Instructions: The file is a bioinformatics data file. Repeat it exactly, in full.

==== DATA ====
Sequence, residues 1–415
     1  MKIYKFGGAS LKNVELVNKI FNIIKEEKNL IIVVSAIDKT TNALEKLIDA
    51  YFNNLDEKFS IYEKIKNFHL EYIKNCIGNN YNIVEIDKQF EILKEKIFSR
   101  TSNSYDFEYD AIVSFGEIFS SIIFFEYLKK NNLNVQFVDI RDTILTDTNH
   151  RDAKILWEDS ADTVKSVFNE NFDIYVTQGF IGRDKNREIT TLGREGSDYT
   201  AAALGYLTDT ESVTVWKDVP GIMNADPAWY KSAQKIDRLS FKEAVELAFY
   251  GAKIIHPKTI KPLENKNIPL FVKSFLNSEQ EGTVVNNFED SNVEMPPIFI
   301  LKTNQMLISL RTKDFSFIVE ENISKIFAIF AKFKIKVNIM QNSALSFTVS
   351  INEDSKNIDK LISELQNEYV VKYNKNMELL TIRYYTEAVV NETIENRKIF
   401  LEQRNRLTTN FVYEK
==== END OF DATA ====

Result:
Sequence, residues 1–415
     1  MKIYKFGGAS LKNVELVNKI FNIIKEEKNL IIVVSAIDKT TNALEKLIDA
    51  YFNNLDEKFS IYEKIKNFHL EYIKNCIGNN YNIVEIDKQF EILKEKIFSR
   101  TSNSYDFEYD AIVSFGEIFS SIIFFEYLKK NNLNVQFVDI RDTILTDTNH
   151  RDAKILWEDS ADTVKSVFNE NFDIYVTQGF IGRDKNREIT TLGREGSDYT
   201  AAALGYLTDT ESVTVWKDVP GIMNADPAWY KSAQKIDRLS FKEAVELAFY
   251  GAKIIHPKTI KPLENKNIPL FVKSFLNSEQ EGTVVNNFED SNVEMPPIFI
   301  LKTNQMLISL RTKDFSFIVE ENISKIFAIF AKFKIKVNIM QNSALSFTVS
   351  INEDSKNIDK LISELQNEYV VKYNKNMELL TIRYYTEAVV NETIENRKIF
   401  LEQRNRLTTN FVYEK